All posts by harlie

Update: Final Project

*For original photos please refer to my first post:*

So I was asked to post some updates on how my material was drying/evolving/changing/etc. Over the following days/week, the bio-plastics I made were drying from the outside in, and splitting apart from the still wet core, creating plastic chasms along the surface.

These photos were taken 3 days after our last class:MatSpec_Update_AMatSpec_Update_BMatSpec_Update_B2 You can also see that bacteria was beginning to grow. I’m guessing that was due to the moisture still present.

These photos were taken a week after our last class:MatSpec_Update2_AMatSpec_Update2_A2MatSpec_Update2_B3MatSpec_Update2_B2MatSpec_Update2_B4Based on these results, at the moment bioplastic is not a viable option for creating more skull replicas. I am still interested in how to combine the different materials but I have some questions to consider:
1. How do I dry the plastic completely and efficiently as to not allow mold to grow and the cracking to occur, and to make sure there is no trapped moisture? Baking? Then what issue might occur during baking?
2. The plastic that I had created that I thought was too soft and just poured back out of the mold ended up drying hard as a rock–is there a way to utilize that mixture and maintain it in the mold while it dries?

Thanks for reading, Melanie I know you had asked for an update specifically so I hope this helps/interests you!


Final Project


So initially I had wanted to work with Kombucha and make a book, but that wasn’t going to pan out so instead I continued my midterm with materials and techniques from both parts of the semester.

Using 2 of my 3D printed skulls from this past winter, I created a two part mold. It was nice to be able to make molds at the same time because the prints are identical!

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Using the recipe that worked best last time Janni and I tried bio-plastics, my first cast came out pretty solid. Unfortunately, although using the same exact recipe I was not able to make another cast that was even remotely useable, and neither were the experiments. I thought that the issue was the shape of the face of the skull mold being too nonuniform and not allowing the mixture to cure properly. This doesn’t seem to be the case because I tried to make multiple casts in both molds and neither were successful.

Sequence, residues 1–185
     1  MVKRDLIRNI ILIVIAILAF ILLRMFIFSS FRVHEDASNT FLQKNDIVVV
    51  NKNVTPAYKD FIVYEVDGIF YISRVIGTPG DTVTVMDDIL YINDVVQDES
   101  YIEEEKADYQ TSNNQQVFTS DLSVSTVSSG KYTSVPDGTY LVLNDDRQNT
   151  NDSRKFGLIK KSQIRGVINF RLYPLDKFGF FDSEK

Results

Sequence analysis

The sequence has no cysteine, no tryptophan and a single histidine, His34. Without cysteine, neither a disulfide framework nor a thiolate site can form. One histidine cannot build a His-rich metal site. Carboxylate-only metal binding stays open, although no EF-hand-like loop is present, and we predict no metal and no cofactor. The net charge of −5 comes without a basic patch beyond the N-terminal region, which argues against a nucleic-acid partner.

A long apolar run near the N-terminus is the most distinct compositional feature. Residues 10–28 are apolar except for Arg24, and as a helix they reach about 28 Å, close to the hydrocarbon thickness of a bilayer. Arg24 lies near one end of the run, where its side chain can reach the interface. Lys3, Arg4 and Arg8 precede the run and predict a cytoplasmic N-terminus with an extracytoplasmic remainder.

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What is certainly successful was the rubber mold; it captured the detail of each layer of the 3D print which is interesting in terms of a cast object. The visual languages and technique are inherently juxtaposed. 
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SO in order to get a successful skull I made some in plaster:
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(Accidental combo of bioplastic and plaster)

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In the end I am pleased with the plaster casts, I think it would be interesting to try and combine the materials and see how they adhere/do not adhere/ create new textures. DSC00605 copyDSC00606 copy
To continue this project I would like to mix materials, make a large quantity of these and install them in a space.